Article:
Blanket inclusion leaves many children alone, unsupported and frustrated, says Michael Russell
Maria Hutchings is a very Scottish type of heroine, in the Jenny Geddes mould. For it was Mrs Hutchings who marched up to Tony Blair in the middle of a television discussion last month to denounce what he was saying, grabbing not just the attention of viewers but the press headlines the next day. It takes a lot of guts, or a huge amount of anger, to break all the conventions and, moreover, to do so in a way that is bound to alarm and annoy the great and the good. Mrs Hutchings clearly has guts - she is the mother of a severely autistic boy - but she is also very angry, as her son's special school is threatened with closure. It was the contrast between that fact, and the Prime Minister's constant assertions about improving standards of education, which propelled her out of her seat.
Mrs Hutchings has plenty of modern Scottish counterparts. Parents of children with special needs, who choose to fight to find the right education, have to be unwilling to lie down under the perpetual bureaucratic interference, foot-dragging and downright obstruction which they regularly meet from education officials and sometimes even from elected politicians. Yet, as a consequence, their own lives are usually massively disrupted.
As an MSP, I met a number of such parents all over Scotland. One case in particular sticks in my mind, that of a young single mother with a severely autistic son who had found the local provision - a small unit attached to a primary school - completely unsuitable. She set out to find what would be best for her boy, and located an excellent establishment 30 miles away, run by a charity which was willing to take him.
But the council, while making no formal objection, point blank refused to meet the extra travelling costs which amounted to a couple of hundred pounds a week. After three years, her son had improved beyond all recognition. She, however, was virtually bankrupt.
Mrs Hutching's intervention was focused on the issue of "mainstreaming", a concept which in many - but not all - circumstances has a great deal to commend it. When implemented properly, it gives many special needs children an opportunity to enter the real world and to learn ways of coping with it.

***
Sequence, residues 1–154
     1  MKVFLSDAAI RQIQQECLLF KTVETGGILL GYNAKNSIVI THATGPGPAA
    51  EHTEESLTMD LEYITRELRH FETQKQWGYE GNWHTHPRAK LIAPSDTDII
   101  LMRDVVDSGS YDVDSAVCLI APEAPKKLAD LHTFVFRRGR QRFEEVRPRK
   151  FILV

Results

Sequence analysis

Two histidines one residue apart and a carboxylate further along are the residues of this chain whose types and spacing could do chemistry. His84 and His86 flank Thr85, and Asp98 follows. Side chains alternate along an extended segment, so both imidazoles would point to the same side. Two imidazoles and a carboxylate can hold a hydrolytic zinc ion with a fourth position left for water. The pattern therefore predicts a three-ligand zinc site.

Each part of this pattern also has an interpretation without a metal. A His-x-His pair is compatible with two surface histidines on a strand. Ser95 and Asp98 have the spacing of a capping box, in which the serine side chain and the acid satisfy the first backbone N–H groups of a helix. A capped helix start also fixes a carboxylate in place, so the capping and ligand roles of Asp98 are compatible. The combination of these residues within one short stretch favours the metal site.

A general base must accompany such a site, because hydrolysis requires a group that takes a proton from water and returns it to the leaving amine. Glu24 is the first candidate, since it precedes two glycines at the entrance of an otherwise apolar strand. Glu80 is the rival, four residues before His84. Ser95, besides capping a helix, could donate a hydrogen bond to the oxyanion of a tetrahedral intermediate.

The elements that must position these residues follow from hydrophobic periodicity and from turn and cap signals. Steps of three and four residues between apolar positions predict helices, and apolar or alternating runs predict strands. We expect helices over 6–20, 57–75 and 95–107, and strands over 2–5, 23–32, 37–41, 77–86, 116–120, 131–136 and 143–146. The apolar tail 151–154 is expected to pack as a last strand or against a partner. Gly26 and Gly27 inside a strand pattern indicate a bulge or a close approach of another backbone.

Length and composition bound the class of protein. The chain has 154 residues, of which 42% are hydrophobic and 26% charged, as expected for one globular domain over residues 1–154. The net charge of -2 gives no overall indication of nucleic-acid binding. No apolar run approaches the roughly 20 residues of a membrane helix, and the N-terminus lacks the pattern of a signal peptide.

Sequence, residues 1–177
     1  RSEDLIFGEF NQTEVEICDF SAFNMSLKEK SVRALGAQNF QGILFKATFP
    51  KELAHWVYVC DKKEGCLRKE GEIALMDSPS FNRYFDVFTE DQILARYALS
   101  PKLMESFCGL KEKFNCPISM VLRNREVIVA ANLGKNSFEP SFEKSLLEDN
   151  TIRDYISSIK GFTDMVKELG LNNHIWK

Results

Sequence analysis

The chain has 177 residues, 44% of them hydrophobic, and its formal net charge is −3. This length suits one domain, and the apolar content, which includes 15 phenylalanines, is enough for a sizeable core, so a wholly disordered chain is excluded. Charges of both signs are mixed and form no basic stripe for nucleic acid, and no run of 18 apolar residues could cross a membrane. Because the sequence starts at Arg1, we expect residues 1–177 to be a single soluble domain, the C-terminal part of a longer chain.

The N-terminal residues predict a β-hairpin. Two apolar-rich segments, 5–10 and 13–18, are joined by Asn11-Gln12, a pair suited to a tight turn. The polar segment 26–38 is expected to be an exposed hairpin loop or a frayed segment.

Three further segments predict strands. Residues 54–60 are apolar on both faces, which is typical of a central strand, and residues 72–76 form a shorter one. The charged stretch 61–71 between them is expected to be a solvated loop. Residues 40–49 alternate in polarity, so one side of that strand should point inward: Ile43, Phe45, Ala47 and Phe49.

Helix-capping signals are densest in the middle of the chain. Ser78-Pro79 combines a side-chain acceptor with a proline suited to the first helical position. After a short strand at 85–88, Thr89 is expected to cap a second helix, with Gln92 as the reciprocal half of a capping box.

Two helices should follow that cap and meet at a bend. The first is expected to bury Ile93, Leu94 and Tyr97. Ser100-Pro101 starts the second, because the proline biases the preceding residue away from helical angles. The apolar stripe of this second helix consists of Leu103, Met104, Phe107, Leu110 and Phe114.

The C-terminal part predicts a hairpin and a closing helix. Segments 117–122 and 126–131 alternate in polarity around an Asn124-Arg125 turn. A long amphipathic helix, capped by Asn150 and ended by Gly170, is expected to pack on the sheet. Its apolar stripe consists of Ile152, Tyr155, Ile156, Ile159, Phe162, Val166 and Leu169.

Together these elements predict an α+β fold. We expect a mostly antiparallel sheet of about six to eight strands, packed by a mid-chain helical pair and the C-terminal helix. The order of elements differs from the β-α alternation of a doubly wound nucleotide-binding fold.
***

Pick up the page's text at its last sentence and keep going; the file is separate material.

Their educational attainment can rise and their social interactions improve. For the rest of the school, there are valuable lessons of inclusion and tolerance.
But mainstreaming cannot work unless three criteria are firmly applied. The first is that it is fully prepared for, resourced and supported. The second is that decisions must be made on a child-by-child basis. The third demands that continuing high-quality provision is made for those children who cannot be included in it.
The early reports on resourcing mainstreaming in Scotland's schools were not encouraging. Some of those, admittedly, came from parents, of both special needs and non special needs children, who felt that the whole concept was wrong. But others, including a Glasgow University study of East Lothian schools, found that teachers felt vulnerable and exposed, and that the necessary training and support issues were not being addressed.
Later work has shown an improving picture, but most staff at the chalkface will still express real concerns about what they are asked to do, and how each bit of extra help has to be fought for. Much progress still needs to be made.
The second and third criteria - the ones which so annoyed Mrs Hutchings - are also far from being honoured. Fortunately, the Scottish Executive accepted early on in the process of implementing its mainstreaming policies that the seven national special schools would be retained and funded. This was a welcome, if only implicit, acceptance that not all children could be mainstreamed.
Having visited some of these schools, it is inconceivable that they could be phased out. They provide superb care in a stimulating environment for children and young people who simply could not go anywhere else. They also give the lie to ideological concerns that education must never be delivered except directly by the state, for they are run by charities on a funding model that could be applied more widely.
None the less, these schools continue to have worries about official policy, for the first recommendation from local authority assessments of many children is for an element of mainstreaming, often through special units attached to local authority schools. Good as these often are, they cannot cope with the severely affected child and any assessment that says otherwise is usually shown to be plain wrong, and very quickly at that. It is here that the protesting parent becomes vital, if the child is to move on and to find the right placing.
But Mrs Hutchings had a wider point which needs to be born in mind. She has correctly identified the fact that mainstreaming, while beneficial in most cases, can be damaging not just to the special needs child but to all the other children. Bad behaviour need not be malicious or deliberate in order to disrupt and even destroy the learning experience of those who do not behave badly. A child who feels alone, unsupported and frustrated will exhibit all the same symptoms, with the same disastrous effects. And any special needs child who cannot cope with mainstreaming will, undoubtedly, feel alone, unsupported and frustrated.
"Education, education, education" is now not so much a mantra, as a discredited and hollow boast. If it were to mean anything again, it would be that the provision of education was tailored to the individual needs of every child, and particularly the most vulnerable. Mrs Hutchings, by rising from her seat in a television studio, has marked that card very firmly. It is just a pity that she, and so many others, have suffered so much in the meantime.
Michael Russell is a writer and commentator.